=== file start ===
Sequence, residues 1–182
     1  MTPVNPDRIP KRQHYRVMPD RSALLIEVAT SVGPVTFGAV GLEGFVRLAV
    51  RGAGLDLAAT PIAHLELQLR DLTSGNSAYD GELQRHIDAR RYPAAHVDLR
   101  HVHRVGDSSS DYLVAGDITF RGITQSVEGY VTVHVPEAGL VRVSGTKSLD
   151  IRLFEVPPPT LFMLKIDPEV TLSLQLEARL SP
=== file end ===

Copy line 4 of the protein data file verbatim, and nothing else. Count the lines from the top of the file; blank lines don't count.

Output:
   101  HVHRVGDSSS DYLVAGDITF RGITQSVEGY VTVHVPEAGL VRVSGTKSLD